PRIVATE equity is under renewed scrutiny from buyside investors after two floats backed by Europe’s biggest buyout houses slumped in market trading yesterday.
Shares in holiday website eDreams Odigeo plunged more than a third just eight weeks after Permira and Ardian sold part of their stake. The group, which became the first stock market listing in Spain for three years when it floated in April, was hit by downbeat maiden results.
Roadside breakdown service AA, also owned by Permira alongside CVC Capital and Charterhouse, lost 7.2 per cent on its opening day of conditional trading yesterday.
The disappointing performance represents another setback for the trio after they issued shares in Saga, which subsequently dropped on its debut.
“Private equity firms are ignoring the golden rule of flotations, that everyone has to leave the party with a balloon,” said Schroders’ fund manager Andy Brough yesterday. “People who have bought Saga and AA have not got a balloon.”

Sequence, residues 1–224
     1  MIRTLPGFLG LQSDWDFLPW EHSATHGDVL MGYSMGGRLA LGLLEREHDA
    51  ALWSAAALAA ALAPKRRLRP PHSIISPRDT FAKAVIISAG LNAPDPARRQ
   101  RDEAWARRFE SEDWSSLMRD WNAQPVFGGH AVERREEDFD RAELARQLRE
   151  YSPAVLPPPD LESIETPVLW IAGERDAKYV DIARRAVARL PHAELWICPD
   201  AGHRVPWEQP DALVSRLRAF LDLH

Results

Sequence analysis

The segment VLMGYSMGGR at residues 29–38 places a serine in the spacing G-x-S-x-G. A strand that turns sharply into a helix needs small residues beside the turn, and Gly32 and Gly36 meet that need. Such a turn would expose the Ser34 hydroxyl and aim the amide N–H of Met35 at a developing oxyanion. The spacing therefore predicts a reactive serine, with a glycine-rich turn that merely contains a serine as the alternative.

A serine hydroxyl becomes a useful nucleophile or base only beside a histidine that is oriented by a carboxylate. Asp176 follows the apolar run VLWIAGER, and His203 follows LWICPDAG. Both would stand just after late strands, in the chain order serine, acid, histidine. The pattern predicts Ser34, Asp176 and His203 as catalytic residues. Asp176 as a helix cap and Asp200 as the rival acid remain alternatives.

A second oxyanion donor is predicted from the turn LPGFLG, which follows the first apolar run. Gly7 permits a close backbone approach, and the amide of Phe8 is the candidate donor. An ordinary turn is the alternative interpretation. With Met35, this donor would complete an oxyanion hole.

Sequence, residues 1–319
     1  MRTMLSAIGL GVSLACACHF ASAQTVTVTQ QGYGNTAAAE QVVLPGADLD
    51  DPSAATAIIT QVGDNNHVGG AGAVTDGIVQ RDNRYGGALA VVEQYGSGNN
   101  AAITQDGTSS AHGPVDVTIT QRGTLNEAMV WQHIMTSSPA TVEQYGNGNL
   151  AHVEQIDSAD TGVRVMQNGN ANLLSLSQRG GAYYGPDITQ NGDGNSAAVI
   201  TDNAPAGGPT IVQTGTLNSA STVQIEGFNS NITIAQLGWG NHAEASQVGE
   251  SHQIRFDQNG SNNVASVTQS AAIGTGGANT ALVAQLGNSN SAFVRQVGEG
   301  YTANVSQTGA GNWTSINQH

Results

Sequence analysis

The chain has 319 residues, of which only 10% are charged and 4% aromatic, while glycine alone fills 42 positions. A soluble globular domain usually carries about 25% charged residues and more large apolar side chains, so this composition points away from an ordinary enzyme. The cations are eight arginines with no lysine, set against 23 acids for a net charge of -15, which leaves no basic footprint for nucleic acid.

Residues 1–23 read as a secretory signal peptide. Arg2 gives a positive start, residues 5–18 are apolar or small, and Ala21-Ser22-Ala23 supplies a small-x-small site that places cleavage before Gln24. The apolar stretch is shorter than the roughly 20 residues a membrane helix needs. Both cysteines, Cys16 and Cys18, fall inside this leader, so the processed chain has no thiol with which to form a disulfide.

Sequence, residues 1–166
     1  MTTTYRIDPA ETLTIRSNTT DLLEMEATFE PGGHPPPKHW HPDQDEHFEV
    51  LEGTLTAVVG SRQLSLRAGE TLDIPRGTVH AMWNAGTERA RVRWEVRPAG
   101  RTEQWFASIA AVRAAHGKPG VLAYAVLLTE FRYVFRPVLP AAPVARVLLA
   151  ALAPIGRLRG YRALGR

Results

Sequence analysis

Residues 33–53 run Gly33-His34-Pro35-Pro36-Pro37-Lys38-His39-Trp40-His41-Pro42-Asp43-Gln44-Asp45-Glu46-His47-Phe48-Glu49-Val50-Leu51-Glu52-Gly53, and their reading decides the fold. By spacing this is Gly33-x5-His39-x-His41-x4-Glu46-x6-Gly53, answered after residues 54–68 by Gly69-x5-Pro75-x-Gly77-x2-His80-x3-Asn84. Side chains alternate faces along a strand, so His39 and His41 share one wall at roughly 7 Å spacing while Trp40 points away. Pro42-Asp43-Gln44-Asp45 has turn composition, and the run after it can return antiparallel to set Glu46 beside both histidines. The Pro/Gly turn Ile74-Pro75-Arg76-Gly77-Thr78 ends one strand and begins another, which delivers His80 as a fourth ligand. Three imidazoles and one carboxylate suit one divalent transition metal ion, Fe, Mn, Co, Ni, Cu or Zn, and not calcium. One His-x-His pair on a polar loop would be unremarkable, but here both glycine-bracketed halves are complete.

STJ Advisors, which worked on eDreams, Saga and Charterhouse-backed Card Factory – now eight per cent off its issue price – has been criticised for its management of bank syndicates, according to banking sources.
The fall in eDreams is bad luck for Permira after Just Retirement, the company it floated last year, lost a third of its value in March after government annuity changes.
A Permira spokesperson said: “The companies listed in recent months are all high-quality well-invested businesses with strong management teams and we believe their full value will be demonstrated over the long-term. With the exception of the AA, our funds remain substantial investors in these companies and will continue to work with and support the leadership teams, alongside other shareholders, as they execute their growth plans.”
STJ and CVC declined to comment.
David Hellier, Michael Bow